By Richard Millman
Picking up from last month, we will now address the critical differences between future, present and past on the squash court.
First, mechanically speaking, when one moves continuously the legs are necessarily engaged and, as they are the most powerful of our limbs, they can cope with the stresses created by the generation of force much better than our arms.
Without movement the legs are static and do not produce the necessary energy to play the ball. Being static leads to a paltry attempt to generate power from the arms and upper body which, in turn, produces tension and stress that the arms and hands cannot cope with and remain precise.
Additionally, if a player is static when striking the ball, the ball (the game) is propelled into the future, leaving the striker in the past, trying to play catch up.
This, in turn, leads to many of the interference problems of the modern game, as subsequent to the ball moving into the future, the player desperately attempts to regain position after the event, while the incoming player—who wishes to keep up with events—is attempting to gain access. The conflict is obvious. If I am trying to get away after the event and you are trying to maintain your current relationship with events, there is bound to be a problem.
When players attempt to ‘complete’ the shot, they allow their Temporal Gaze to become distracted from the flow of the game and become involved in an irrelevant matter—the importance (in their minds) of hitting the ball well. This is both misguided and mistaken. It is misguided because remaining in place after the ball has gone leads to a loss of place (getting behind) in the flow of the rally and the conflicts with opponents. (It is perfectly feasible and actually more correct to ‘complete’ the shot as a part of the movement toward the next phase of the game.)
It is mistaken because it just isn’t the most effective method. Were we engaged in an attempt to propel a piece of rubber down a wind tunnel at maximum velocity we could perhaps be forgiven for dwelling in place after the ball has gone—although it is a simple fact of physics that one cannot transfer one’s weight into a projectile as effectively standing still as one can dynamically on the move—but we are not. Our job is to stay up to date with the game (the ball) physically. The most effective way to do that is to be a little ahead mentally.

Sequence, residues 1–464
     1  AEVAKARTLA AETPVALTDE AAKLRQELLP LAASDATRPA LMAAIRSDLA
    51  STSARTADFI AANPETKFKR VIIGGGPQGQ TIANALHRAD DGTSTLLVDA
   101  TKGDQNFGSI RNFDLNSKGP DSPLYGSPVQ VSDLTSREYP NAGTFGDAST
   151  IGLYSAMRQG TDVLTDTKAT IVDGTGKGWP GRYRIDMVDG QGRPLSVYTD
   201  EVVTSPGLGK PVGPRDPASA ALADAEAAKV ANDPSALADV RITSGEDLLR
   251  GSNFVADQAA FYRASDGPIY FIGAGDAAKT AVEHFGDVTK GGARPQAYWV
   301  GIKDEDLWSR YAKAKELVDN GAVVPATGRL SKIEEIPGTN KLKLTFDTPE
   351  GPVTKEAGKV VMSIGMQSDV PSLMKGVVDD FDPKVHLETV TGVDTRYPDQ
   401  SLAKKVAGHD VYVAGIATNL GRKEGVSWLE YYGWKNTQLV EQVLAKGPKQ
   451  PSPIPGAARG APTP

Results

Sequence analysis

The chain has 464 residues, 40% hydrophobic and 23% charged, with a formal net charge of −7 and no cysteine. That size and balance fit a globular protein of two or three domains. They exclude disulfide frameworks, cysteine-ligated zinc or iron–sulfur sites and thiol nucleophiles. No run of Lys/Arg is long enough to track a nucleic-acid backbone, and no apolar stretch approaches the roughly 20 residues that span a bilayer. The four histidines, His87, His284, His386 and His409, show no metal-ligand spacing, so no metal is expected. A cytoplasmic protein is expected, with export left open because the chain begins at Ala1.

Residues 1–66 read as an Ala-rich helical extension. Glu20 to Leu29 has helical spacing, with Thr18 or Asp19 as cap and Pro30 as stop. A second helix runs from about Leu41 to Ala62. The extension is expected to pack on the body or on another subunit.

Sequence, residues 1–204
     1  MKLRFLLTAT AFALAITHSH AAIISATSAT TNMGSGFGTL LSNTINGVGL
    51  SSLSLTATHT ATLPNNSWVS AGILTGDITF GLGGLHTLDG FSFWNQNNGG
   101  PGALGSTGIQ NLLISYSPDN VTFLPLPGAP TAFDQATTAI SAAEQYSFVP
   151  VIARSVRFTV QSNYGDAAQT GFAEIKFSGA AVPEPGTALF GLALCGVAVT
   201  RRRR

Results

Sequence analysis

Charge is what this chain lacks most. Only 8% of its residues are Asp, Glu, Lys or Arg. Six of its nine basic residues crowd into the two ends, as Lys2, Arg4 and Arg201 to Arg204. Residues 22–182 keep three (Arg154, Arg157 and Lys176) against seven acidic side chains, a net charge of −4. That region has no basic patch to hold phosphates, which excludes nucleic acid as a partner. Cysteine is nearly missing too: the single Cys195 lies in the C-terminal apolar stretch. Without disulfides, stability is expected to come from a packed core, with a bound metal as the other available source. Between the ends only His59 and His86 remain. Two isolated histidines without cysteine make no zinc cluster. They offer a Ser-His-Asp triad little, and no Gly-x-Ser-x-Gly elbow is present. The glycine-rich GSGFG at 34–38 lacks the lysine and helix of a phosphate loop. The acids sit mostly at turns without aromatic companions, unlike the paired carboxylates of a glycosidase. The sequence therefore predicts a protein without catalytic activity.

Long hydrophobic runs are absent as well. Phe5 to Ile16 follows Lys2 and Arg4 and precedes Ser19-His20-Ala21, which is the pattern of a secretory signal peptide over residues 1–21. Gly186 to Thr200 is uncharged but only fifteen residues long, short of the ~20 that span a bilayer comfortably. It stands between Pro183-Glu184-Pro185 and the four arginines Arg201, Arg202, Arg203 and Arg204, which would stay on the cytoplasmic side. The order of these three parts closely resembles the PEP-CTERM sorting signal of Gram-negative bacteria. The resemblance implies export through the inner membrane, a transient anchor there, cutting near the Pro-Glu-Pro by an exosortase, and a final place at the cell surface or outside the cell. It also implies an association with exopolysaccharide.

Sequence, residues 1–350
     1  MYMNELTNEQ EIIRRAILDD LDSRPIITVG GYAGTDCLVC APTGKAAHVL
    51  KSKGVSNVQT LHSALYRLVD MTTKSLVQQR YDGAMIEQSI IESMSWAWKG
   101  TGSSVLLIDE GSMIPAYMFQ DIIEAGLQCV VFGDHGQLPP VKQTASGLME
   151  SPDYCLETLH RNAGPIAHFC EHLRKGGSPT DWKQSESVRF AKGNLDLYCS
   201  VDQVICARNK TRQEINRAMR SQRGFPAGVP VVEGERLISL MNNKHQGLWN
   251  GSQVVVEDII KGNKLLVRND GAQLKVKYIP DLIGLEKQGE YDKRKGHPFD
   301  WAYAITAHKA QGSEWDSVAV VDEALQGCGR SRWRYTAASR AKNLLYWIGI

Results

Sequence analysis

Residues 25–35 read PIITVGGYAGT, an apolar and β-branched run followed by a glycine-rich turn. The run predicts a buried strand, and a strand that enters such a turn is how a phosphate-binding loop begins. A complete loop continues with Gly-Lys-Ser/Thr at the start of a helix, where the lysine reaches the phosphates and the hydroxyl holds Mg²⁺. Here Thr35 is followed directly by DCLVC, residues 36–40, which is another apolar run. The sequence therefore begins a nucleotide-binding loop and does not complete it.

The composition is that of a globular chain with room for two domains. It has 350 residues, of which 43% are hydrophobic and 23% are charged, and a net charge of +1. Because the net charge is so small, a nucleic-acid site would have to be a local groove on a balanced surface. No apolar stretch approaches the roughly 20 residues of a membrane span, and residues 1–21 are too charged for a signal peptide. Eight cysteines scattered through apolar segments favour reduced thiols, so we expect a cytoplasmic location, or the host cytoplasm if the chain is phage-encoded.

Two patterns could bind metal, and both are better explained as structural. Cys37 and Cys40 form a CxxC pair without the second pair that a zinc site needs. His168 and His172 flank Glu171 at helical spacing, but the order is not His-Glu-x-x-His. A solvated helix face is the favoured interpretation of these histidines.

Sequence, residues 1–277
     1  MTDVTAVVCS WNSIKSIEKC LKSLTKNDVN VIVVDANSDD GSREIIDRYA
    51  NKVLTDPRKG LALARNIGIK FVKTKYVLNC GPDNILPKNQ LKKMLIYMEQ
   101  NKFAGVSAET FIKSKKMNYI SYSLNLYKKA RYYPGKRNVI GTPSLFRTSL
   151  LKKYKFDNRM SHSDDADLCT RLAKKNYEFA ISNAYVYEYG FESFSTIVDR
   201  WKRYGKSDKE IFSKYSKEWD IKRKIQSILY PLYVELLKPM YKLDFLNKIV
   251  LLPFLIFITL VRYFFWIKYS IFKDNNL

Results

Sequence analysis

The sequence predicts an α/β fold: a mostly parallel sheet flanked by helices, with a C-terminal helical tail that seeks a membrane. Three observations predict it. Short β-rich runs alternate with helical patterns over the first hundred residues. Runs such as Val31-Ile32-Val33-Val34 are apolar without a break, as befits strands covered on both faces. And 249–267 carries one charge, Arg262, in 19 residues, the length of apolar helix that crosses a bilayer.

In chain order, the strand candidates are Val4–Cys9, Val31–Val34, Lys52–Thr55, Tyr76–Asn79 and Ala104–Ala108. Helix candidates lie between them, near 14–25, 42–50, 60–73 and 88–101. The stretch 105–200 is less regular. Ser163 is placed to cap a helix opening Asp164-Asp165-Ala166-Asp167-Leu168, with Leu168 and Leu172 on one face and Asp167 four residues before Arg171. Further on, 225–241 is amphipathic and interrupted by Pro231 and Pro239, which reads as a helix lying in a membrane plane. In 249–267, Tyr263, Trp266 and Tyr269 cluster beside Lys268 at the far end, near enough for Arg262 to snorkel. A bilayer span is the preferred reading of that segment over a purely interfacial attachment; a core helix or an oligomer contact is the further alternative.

The concept of attempting to hit a shot that your opponent cannot get is futile and extremely ill advised (it is perfectly satisfactory to attempt to hit a shot that is ‘difficult’ for the opponent— just not impossible.) The fact of the matter is that most competent opponents retrieve most shots. So our assumption must be that our opponent will retrieve every shot. That being said, we must therefore always prepare for the worst and hope for the best.
If we ever prepare for the best and not the worst, we will be guaranteed to get caught unawares.
It is for this reason that we must keep our Temporal Gaze always in the future, ready to deal with all possibilities. If by some chance the opponent fails to retrieve the ball then we have created time by being ahead—which we have to spare. Far better than attempting to finish a rally (focusing solely on the shot we are playing) and then being unprepared for the ball to be returned.
It is perfectly fine to attack ferociously—provided you always plan for the attack to be returned and position to defend accordingly— AS you execute the attack—not AFTER.
So no matter whether you are playing squash, organizing your final thesis, or organizing a staff rota, ask yourself: where is your Temporal Gaze being directed on the time line? Past (you can’t keep up); Present (you are hoping your current actions will be adequate to complete the job—a recipe for disaster); or Future (do your very best but expect the unexpected and always be prepared to keep going.)